Cusack was born in Durban, Natal, South Africa. His mother, Alice Violet (née Cole), was an English Cockney actress and chorus girl, and his father, James Walter Cusack, was an Irish mounted policeman in Natal Province, South Africa. His parents separated when he was young and his mother took him to England, and then to Ireland. Cusack's mother and her partner, Breifne O'Rorke, joined the O'Brien and Ireland Players. Cyril made his first stage performance at the age of seven. Cusack was educated in Newbridge College, Newbridge, County Kildare and University College Dublin. He left without a degree and joined the Abbey Theatre in 1932. Between then and 1945, he performed in over 60 productions, particularly excelling in the plays of Seán O'Casey. In 1947, Cusack formed his own company and staged productions in Dublin, Paris and New York.
In 1963, Cusack joined the Royal Shakespeare Company in London and appeared there for several seasons. By this stage he had established a successful career in films, which had started at the age of eight. Also in 1963, Cusack won a Jacob's Award for his performance in the Telefís Éireann production of Triptych. He received honorary degrees in 1977 and 1980 from the NUI and the University of Dublin respectively.
Cusack, who was bilingual in English and Irish, had a leading part in the controversial Irish language film Poitín (1977).
Cusack's last stage performance was in Chekhov's Three Sisters, in which three of his daughters played the sisters. His four daughters, Sinéad (born 1948), Sorcha (born 1949), Niamh (born 1959) and Catherine (born 1968) are actresses. His sons, Paul Cusack and Pádraig Cusack (born 1962), work as a producer with Radio Telefís Éireann and as an associate producer at the National Theatre, London, respectively.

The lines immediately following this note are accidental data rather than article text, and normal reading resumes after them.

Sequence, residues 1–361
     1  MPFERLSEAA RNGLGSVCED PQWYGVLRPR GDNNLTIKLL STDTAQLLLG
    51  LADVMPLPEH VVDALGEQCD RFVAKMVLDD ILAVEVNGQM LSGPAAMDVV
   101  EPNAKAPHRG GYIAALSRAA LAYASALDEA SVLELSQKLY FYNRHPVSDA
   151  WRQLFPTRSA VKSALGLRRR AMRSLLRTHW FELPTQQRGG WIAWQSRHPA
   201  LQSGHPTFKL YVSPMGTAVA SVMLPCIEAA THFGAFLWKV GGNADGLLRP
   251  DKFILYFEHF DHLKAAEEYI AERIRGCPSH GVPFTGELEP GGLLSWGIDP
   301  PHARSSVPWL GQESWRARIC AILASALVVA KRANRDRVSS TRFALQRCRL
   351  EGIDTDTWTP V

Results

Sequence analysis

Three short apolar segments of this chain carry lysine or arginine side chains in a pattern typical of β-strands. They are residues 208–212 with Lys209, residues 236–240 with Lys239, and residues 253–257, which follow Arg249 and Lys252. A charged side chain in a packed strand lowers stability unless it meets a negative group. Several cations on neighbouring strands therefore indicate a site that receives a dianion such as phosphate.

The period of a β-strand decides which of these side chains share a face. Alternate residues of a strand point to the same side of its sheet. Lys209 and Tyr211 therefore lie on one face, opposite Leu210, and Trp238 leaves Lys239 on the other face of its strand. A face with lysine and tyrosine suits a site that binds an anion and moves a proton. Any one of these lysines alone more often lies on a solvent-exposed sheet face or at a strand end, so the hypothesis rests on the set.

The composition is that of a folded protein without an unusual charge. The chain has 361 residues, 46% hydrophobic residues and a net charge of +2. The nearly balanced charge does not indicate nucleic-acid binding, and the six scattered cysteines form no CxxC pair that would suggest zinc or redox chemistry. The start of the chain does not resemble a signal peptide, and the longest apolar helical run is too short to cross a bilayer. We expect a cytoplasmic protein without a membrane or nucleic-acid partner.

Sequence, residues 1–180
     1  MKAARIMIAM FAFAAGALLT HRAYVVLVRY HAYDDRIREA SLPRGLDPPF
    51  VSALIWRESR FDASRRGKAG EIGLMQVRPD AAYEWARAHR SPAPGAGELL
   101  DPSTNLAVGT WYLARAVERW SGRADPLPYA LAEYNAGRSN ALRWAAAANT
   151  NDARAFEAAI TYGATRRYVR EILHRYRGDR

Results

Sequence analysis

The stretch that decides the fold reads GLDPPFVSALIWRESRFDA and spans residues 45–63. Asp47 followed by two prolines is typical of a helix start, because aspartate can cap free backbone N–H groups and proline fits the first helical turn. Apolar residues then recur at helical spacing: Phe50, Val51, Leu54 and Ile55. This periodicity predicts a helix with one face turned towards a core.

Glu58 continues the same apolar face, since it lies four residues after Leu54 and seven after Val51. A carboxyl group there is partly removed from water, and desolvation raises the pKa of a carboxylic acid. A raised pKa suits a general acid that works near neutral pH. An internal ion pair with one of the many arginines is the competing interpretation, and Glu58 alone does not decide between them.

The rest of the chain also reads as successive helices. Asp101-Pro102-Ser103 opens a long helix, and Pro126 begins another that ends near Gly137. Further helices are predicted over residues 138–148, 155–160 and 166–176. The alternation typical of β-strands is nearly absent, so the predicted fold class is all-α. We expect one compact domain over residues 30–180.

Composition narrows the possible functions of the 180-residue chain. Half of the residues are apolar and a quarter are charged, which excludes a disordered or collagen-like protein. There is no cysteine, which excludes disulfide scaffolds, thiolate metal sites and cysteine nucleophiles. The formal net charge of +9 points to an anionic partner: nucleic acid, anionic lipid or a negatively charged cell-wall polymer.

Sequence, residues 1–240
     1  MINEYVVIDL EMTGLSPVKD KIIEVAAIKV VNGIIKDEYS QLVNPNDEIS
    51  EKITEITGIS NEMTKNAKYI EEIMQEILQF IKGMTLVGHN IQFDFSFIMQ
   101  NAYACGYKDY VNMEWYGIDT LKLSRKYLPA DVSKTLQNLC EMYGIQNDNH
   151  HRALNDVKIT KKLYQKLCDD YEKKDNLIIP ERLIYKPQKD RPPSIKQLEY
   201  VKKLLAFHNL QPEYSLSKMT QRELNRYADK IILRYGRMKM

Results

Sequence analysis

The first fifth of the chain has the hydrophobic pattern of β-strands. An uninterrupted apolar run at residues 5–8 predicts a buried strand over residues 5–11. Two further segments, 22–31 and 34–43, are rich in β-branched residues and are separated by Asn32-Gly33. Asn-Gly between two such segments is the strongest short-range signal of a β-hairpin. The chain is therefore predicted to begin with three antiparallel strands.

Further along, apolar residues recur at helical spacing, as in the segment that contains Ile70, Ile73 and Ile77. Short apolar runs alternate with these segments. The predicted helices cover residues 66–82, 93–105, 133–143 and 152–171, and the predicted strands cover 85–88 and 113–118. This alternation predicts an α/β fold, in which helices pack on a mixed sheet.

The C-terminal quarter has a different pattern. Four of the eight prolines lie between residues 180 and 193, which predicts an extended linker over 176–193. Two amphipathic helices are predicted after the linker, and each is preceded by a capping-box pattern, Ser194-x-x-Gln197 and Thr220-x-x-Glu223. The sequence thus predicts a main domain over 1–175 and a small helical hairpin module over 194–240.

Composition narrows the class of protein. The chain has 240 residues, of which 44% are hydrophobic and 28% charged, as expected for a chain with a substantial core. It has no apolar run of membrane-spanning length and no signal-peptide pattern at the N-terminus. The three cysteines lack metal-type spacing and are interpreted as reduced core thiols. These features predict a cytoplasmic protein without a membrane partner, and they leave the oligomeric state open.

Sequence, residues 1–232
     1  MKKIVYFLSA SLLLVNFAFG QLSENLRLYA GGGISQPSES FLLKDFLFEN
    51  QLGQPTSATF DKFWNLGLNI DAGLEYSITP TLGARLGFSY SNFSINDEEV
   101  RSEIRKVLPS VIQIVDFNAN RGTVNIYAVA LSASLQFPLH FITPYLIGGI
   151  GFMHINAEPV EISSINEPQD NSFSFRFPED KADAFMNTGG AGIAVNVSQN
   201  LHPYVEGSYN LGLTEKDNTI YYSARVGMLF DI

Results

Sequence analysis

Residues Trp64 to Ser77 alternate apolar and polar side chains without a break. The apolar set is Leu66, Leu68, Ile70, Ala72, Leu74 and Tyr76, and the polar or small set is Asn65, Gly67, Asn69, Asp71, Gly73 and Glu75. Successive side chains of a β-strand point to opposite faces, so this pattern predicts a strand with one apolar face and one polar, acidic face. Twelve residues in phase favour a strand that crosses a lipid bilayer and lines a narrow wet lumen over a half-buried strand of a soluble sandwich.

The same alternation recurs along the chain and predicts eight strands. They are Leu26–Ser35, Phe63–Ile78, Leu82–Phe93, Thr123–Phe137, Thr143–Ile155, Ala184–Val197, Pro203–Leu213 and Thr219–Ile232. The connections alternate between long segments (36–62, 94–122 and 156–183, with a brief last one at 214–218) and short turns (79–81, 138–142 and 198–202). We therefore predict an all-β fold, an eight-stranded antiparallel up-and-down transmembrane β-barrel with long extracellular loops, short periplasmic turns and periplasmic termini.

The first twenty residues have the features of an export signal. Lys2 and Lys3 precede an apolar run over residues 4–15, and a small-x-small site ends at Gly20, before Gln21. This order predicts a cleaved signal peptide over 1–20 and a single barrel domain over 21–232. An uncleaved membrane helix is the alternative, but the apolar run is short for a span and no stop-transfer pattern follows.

Cusack was twice married:
The actress Mary Margaret “Maureen” Kiely (1920–18 December 1977), on 5 April 1945, with whom he had three daughters, Sinéad, Sorcha, and Niamh, and two sons, Paul and Padraig. Mary Rose Cunningham (1979–1993); one daughter (Catherine)
In his later life, Cusack became a campaigner for conservative causes in Ireland, notably in his opposition to abortion, where he became a frequent letter-writer to the main liberal Irish newspaper, The Irish Times. His conservative credentials came under scrutiny following his death and the revelation that he had not been faithful in his first marriage, with a long-term mistress, Mary Rose Cunningham, who bore him a daughter, Catherine. Cusack married Cunningham following his first wife's death.
Regarding his religious faith, Cusack commented “Religion promotes the divine discontent within oneself, so that one tries to make oneself a better person and draw oneself closer to God.”
Cusack was a longtime friend of Irish attorney general, Chief Justice and President of Ireland Cearbhall Ó Dálaigh, whom he got to know in University College Dublin in the early 1930s.
In October 1993, Cusack died at his home at age 82 in Burlington Lane, Chiswick, Greater London, from motor neurone disease (known as Lou Gehrig's disease or ALS in North America), one month before what would have been his 83rd birthday. His acting career had lasted an impressive 75 years.
Cusack is the grandfather of Irish Trotskyist TD, Richard Boyd Barrett, and English actor, Max Irons.